This species extends through northern North America and to extreme northeastern Siberia. In this province it occurs in Labrador.
Habitat requirements appear to vary greatly depending on available substrate and temperature, but generally inhabits deeper waters (has been found in 354ft of water) of lakes and cooler streams, darting swiftly from place to place when disturbed.
A benthic (bottom) feeder, with aquatic insect larvae and nymphs making up most of its diet.
Dark brown, green, or gray above, with dark gray mottling on back and upper sides; prickles often on head and behind pectoral (side) fins.
Spawning habits are not known well in Canada, and few studies have been published. The species has been captured in stony shallows when spawning, and some individuals were 2.5 inches long and full of eggs in May. Spawning begins when water temperatures are at 5oC in lakes and 10oC in streams.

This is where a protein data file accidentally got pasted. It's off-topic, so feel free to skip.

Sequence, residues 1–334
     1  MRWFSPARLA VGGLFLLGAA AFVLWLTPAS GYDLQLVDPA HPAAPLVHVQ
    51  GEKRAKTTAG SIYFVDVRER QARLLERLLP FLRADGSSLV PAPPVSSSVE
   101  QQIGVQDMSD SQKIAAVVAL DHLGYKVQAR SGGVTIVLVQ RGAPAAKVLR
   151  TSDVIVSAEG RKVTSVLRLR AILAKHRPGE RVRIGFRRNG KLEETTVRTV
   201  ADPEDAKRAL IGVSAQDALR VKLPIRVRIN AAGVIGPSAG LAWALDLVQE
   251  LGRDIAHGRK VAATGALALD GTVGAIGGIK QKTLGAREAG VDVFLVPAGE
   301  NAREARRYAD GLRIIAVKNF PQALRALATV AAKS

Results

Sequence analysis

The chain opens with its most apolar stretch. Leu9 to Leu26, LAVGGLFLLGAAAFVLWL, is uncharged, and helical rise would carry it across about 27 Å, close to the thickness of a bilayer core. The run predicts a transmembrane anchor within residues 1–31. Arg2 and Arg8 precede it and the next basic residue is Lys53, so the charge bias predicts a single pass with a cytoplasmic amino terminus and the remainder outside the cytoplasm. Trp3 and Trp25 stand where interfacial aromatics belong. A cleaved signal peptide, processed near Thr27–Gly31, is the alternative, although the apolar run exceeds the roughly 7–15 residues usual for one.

Males select a spawning site under a ledge or rock. The female is courted and enters the nest when she accepts the male as a spawning partner. The female lays its eggs as an adhesive mass on the ceiling of the rock or ledge of the spawning site. The female either leaves or is driven out by the male, which then guards and aerates the eggs by fanning with his pectoral fins. Four-inch females are capable of producing 1,400 eggs, which hatch in approximately 14 days. These fish grow up to about 4.5 inches long.